United States District Court, E.D. Michigan, Southern Division
OPINION AND ORDER DENYING PLAINTIFF'S MOTIONS [9,
16, 17], GRANTING DEFENDANT'S MOTION FOR SUMMARY JUDGMENT
, AND DISMISSING THE CASE
HONORABLE STEPHEN J. MURPHY, III UNITED STATE DISTRICT JUDGE.
James Maben brought an action under 42 U.S.C. § 1983
against Corrections Officer Troy Thelen in both his
individual and official capacities. Maben alleges that Thelen
retaliated against him for filing a grievance with the
Michigan Department of Corrections ("MDOC"). Compl.
3, ECF No. 1. Before the Court is Thelen's motion for
summary judgment and three other motions filed by Maben. The
Court will deny Maben's motions, grant Thelen's
motion, and dismiss the case.
October 19, 2015, Maben was incarcerated at the Central
Michigan Correctional Facility. According to Maben, while he
was being served lunch, he noticed that he was served less
than a full serving of food. Compl. ¶ 4, ECF No. 1. He
asked the food service workers why he was given a small
portion. Id. at ¶ 6. Thelen then said to Maben,
"shut the f--k up if you want to eat." Id.
at ¶ 7. Thelen continued, "you acting like a little
b--h is not going to change anything." Id. at
¶ 9. Thelen then asked Maben for his identification and
told him that "if you're going to complain then
you're going to get a misconduct for it."
Id. at ¶ 10.
wrote Maben a misconduct ticket later that day for
"creating a disturbance." Misconduct Report, ECF No
13-2. A hearing was held three days later, on October 22,
2015, and Maben was found guilty of misconduct. Misconduct
Hr'g Report, ECF No. 13-2. As a sanction, Maben was
denied privileges for seven days. Id.
characterizes his inquiry about the food as a
"grievance" under the MDOC's policies;
Thelen's reaction constituted retaliation for filing the
grievance. Maben says he was "embarassed, demeaned, and
humiliated" by his encounter with Thelen and has
subsequently received short portions at meals because he
fears retaliation from Thelen. Compl. ¶ 11-12, ECF No.
1. Consequently, he claims that the encounter has left him
feeling that he can no longer comply with the prison's
grievance procedure. Id. ¶ 11.
judgment is warranted "if the movant shows that there is
no genuine dispute as to any material fact and the movant is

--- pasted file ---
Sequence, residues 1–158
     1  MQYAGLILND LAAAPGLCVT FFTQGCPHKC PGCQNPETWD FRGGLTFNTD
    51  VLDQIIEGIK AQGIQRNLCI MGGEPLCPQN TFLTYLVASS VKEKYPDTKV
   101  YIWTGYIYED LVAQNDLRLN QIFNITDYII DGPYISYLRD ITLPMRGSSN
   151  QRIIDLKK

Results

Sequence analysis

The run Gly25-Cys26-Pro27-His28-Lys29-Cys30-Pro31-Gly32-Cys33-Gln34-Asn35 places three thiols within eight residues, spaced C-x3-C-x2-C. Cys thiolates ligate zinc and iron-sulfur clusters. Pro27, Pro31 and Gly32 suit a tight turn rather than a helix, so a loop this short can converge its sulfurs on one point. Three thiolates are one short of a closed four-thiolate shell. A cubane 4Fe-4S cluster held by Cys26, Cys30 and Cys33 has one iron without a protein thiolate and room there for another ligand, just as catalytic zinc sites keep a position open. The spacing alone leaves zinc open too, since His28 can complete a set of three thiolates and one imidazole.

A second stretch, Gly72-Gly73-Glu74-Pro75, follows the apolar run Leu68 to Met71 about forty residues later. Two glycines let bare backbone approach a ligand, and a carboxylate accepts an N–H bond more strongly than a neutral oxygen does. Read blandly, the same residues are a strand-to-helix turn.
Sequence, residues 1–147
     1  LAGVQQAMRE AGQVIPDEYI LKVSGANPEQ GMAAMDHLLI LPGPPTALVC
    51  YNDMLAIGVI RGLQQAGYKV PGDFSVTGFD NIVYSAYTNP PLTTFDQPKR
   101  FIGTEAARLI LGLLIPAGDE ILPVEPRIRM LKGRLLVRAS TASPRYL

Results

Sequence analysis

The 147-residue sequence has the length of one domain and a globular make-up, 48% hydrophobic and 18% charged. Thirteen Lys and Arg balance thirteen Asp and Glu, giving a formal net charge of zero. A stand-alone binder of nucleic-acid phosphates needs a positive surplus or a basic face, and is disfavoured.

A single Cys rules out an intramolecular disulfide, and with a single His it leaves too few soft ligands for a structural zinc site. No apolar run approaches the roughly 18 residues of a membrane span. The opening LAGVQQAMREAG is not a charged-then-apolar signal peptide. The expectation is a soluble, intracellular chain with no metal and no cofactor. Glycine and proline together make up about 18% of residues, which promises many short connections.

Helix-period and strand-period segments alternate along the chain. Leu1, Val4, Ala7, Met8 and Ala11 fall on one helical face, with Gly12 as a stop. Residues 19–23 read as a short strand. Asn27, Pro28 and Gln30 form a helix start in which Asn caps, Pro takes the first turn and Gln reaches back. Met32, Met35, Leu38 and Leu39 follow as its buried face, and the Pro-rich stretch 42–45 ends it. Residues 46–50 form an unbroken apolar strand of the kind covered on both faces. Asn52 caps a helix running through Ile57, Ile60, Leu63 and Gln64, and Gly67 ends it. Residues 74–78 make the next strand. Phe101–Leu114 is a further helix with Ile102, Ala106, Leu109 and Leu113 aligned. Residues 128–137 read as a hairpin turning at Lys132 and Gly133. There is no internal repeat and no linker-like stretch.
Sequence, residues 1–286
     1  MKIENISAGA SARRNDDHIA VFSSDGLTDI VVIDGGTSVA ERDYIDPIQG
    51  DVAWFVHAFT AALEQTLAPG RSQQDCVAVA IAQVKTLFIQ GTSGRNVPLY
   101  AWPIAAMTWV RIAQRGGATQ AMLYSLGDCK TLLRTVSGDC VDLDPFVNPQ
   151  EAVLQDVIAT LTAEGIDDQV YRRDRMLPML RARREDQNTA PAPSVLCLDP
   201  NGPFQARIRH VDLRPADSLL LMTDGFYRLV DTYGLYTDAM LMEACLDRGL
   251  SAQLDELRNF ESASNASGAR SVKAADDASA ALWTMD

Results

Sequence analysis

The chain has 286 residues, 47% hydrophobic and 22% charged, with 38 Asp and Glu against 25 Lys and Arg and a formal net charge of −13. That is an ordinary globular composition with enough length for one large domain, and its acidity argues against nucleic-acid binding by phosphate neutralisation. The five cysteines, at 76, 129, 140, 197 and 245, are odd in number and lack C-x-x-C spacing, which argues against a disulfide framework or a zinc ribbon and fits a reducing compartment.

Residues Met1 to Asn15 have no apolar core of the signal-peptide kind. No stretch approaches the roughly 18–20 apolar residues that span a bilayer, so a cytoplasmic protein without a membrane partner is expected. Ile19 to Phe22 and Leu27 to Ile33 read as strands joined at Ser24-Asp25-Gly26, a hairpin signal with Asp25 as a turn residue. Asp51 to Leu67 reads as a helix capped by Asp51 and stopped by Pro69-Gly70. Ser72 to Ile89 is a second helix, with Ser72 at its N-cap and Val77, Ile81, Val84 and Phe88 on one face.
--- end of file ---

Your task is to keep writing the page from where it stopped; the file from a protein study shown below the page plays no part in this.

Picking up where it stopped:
entitled to judgment as a matter of law." Fed.R.Civ.P.
56(a). A fact is "material" for purposes of summary
judgment if proof of that fact would establish or refute an
essential element of the cause of action or defense.
Kendall v. Hoover Co., 751 F.2d 171, 174 (6th Cir.
1984). A dispute over material facts is "genuine"
"if the evidence is such that a reasonable jury could
return a verdict for the nonmoving party." Anderson
v. Liberty Lobby, Inc., 477 U.S. 242, 248 (1986).
considering a motion for summary judgment, the Court must
view the facts and draw all reasonable inferences in a light
most favorable to the nonmoving party. 60 Ivy St. Corp.
v. Alexander, 822 F.2d 1432, 1435 (6th Cir. 1987). The
Court must take care, in evaluating the motion, not to make
judgments on the quality of the evidence, because the purpose
of summary judgment is to determine whether a triable claim
exists. Doe v. Metro.Nashville Pub. Schs., 133 F.3d
384, 387 (6th Cir. 1998) ("[W]eigh[ing] the evidence . .
. is never appropriate at the summary judgment stage.").
raises three arguments in his motion for summary judgment.
First, he is immune from suit in his official capacity
pursuant to the Eleventh Amendment. Second, he is entitled to
qualified immunity in his personal capacity. And third, even
in the absence of any immunity, summary judgment is
appropriate because Maben has failed to establish a First
Amendment retaliation claim. The Court need only address the
general, "[a] retaliation claim essentially entails
three elements: (1) the plaintiff engaged in protected
conduct; (2) an adverse action was taken against the
plaintiff that would deter a person of ordinary firmness from
continuing to engage in that conduct; and (3) there is a
causal connection between elements one and two-that is, the
adverse action was motivated at least in part by the
plaintiff's protected conduct." Thaddeus-X v.
Blatter, 175 F.3d 378, 394 (6th Cir. 1999). But
"First Amendment rights, like many other rights, are
circumscribed in the prison setting, " and "prison
regulations are allowed to infringe on prisoners' rights
as long as they are rationally related to a legitimate
penological concern." Id. at 390, 395.
"Therefore, if a prisoner violates a legitimate prison
regulation, he is not engaged in 'protected conduct,
' and cannot proceed beyond step one." Id.
when viewing the evidence in a light most favorable to Maben,
he cannot proceed beyond step one. In Maben's telling, he
politely asked why he was not given more food. Resp. 12, ECF
No. 14. According to Maben, Thelen then erupted and caused a
disturbance in the chow hall, but blamed the disruption on
Maben and wrote him a misconduct ticket. Id. Thelen
says Maben caused the disturbance. Thelen Aff., ECF No. 13-2.
But the dispute as to what really occurred was already
adjudicated by the MDOC in the course of its grievance
process. See Misconduct Hr'g Report, ECF No.
13-2. The Hearing Officer determined that Maben was in fact
disruptive and therefore upheld the misconduct report ...